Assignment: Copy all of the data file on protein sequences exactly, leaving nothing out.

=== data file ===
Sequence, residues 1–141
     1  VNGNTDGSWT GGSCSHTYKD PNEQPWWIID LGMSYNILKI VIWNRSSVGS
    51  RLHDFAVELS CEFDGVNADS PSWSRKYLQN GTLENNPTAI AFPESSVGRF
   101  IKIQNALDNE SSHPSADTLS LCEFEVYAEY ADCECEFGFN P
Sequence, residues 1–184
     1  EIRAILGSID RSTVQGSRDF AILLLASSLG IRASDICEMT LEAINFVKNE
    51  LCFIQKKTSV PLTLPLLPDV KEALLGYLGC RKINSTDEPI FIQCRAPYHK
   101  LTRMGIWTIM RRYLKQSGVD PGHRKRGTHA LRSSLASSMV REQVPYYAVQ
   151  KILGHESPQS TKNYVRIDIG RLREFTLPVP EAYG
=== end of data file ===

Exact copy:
Sequence, residues 1–141
     1  VNGNTDGSWT GGSCSHTYKD PNEQPWWIID LGMSYNILKI VIWNRSSVGS
    51  RLHDFAVELS CEFDGVNADS PSWSRKYLQN GTLENNPTAI AFPESSVGRF
   101  IKIQNALDNE SSHPSADTLS LCEFEVYAEY ADCECEFGFN P
Sequence, residues 1–184
     1  EIRAILGSID RSTVQGSRDF AILLLASSLG IRASDICEMT LEAINFVKNE
    51  LCFIQKKTSV PLTLPLLPDV KEALLGYLGC RKINSTDEPI FIQCRAPYHK
   101  LTRMGIWTIM RRYLKQSGVD PGHRKRGTHA LRSSLASSMV REQVPYYAVQ
   151  KILGHESPQS TKNYVRIDIG RLREFTLPVP EAYG